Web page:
A Millennial’s Perspective: Job Search

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How I Knew It Was Time To Move On…

Just a little over a year ago, I left my very first communications job. I adored this job. I had a lot of really great projects that not only validated my skillset, but challenged it each and every day. I loved my coworkers and I loved being able to be a part of nonprofit side of the corporation through different projects, but also through the engagement of others in the business to do something bigger than themselves.

An organization I worked with, outside of my day job, had a need for a social media coordinator. The organization was new, so there wasn’t much budget, but our credibility as an organization depended on a solid social media presence, so I volunteered to help (hellooooo skill-based volunteering!). I came into work the next day and shared the news with my teammates excitedly. Each of them congratulated me. Then suddenly, a dark cloud came over my good news with a simple quote from my boss: “My Lord, Kadi. Don’t you volunteer for enough?”

My mouth dropped open and I could feel my palms start to sweat. Yes, I did volunteer with a number of organizations on a number of projects and at all different capacities. But here’s the thing: It was all done outside of work and didn’t affect any of my time at work, and to top it all off, I logged my hours on a website, dedicating those hours of service to the company I worked for, which helped them boast a certain level of volunteerism as a whole.

The response I gave her was miniscule. I laughed it off and pretended like I thought she was kidding, even though experiences past showed me that she wasn’t. It was this moment when my job search officially began. The facts are there: Millennials want to work with an organization that cares about the nonprofit industry.

I can’t tell you how many interviews I’ve been on where we’ve spent more time talking about my volunteer activities than my professional ones. Screenshot 2014-08-06 07.46.33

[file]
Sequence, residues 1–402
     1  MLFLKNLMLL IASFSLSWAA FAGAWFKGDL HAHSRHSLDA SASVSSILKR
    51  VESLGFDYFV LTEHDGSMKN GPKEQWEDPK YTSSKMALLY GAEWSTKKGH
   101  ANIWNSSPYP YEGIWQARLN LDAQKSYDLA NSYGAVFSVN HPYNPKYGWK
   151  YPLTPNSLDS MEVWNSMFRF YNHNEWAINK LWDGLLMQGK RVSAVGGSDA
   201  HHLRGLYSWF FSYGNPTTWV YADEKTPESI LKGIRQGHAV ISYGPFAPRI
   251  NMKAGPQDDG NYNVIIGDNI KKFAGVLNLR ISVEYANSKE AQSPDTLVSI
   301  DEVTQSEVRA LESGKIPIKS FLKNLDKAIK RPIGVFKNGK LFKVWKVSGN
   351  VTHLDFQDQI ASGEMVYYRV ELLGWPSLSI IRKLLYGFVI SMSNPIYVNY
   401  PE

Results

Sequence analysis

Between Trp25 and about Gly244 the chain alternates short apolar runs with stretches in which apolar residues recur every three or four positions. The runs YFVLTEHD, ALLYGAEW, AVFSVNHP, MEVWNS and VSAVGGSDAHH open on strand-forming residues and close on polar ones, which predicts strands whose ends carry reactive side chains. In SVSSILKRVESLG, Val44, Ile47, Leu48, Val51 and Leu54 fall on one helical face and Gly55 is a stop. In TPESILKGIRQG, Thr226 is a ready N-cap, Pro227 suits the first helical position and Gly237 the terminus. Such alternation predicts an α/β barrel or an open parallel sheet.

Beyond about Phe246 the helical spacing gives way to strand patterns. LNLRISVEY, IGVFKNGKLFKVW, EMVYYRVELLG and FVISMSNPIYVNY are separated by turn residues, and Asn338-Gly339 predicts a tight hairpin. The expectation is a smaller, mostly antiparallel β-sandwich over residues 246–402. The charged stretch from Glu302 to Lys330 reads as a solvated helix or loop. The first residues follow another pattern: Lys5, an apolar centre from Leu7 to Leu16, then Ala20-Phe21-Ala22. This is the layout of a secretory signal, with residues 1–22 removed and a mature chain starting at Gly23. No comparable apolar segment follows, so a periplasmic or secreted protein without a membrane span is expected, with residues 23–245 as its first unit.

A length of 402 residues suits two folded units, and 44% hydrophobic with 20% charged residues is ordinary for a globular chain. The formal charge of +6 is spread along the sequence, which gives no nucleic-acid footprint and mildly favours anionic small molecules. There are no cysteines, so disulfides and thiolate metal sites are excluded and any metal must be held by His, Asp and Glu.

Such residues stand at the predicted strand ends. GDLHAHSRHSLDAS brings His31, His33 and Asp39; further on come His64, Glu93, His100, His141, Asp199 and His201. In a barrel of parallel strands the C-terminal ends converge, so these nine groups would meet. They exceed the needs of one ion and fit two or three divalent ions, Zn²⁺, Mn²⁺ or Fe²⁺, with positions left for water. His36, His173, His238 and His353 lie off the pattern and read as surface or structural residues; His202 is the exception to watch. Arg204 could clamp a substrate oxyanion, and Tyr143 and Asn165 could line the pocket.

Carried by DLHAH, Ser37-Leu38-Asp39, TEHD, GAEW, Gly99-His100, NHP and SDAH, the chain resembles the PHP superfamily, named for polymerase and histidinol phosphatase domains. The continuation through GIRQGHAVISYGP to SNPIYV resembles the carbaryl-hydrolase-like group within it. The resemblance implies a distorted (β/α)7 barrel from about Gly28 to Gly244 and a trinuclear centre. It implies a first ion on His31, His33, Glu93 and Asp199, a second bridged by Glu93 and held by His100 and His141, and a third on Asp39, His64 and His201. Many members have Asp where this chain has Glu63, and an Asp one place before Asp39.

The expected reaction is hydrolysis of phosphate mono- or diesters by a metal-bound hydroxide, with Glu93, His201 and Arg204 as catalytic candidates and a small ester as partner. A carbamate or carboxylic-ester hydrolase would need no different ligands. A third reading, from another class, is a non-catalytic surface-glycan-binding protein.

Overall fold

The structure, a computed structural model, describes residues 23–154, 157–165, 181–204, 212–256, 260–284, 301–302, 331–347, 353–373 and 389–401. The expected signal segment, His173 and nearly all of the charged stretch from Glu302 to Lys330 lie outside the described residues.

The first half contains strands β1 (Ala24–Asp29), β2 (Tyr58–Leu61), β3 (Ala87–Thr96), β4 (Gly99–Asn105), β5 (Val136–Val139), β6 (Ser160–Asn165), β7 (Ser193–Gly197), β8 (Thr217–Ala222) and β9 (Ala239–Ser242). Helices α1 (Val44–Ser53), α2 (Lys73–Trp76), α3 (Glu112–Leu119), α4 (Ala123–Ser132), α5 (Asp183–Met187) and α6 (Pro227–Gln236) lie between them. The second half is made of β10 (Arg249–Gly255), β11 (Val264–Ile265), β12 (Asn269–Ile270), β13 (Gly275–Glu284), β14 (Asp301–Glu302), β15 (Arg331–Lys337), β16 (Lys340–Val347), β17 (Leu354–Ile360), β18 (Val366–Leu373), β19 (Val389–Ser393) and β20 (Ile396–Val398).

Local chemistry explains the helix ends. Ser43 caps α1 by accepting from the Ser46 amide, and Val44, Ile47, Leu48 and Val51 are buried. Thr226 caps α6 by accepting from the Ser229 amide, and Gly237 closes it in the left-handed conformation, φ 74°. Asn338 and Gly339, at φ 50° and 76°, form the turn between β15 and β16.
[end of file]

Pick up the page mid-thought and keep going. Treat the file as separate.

Here are a few factoids to share with your for-profit partners, or even share with your personal social networks:

  • For Millennials, a company’s involvement with causes ranked as the third most important factor when applying for a job. In fact, 55% of Millennials who had volunteered 10-20 hours in the past month researched the company’s cause work during their job search.  
  • 92% of Millennials surveyed feel like they’re contributing to a company that is making a positive impact in the world.  
  • 62% of Millennials prefer to volunteer with people in their immediate department at work. 78% prefer performing cause work in a group versus independently.
  • Only 15% of Millennials, ages 25-30 didn’t donate to a nonprofit in 2013.Only 9% of Millennials ages 30 and older didn’t donate to a nonprofit in 2013.
  • Millennials want to see more company-wide volunteer days, sabbaticals, and charitable projects performed with a department or a team.

 

These facts, and more, came from the 2014 Millennial Impact Report. Click here to learn even more, download full reports, or volunteer to be a part of next year’s survey.

About author

Kadi McDonald

No matter where she’s worked, Kadi has successfully evaluated deep-rooted communications challenges and developed a plan to improve and simplify for the audience. She has shifted her professional life to one that allows her the flexibility and time to be dedicated to her passion projects. She develops and manages social media strategies for nonprofits, writes articles and blogs for a wide variety of clients and audiences, and consults on small marketing and branding projects for all types of businesses.

She is a storyteller by nature and thrives in environments that crave authenticity and transparency. She works with multiple nonprofit organizations whose missions surround the ideas of community, compassion, service, and equality for all.

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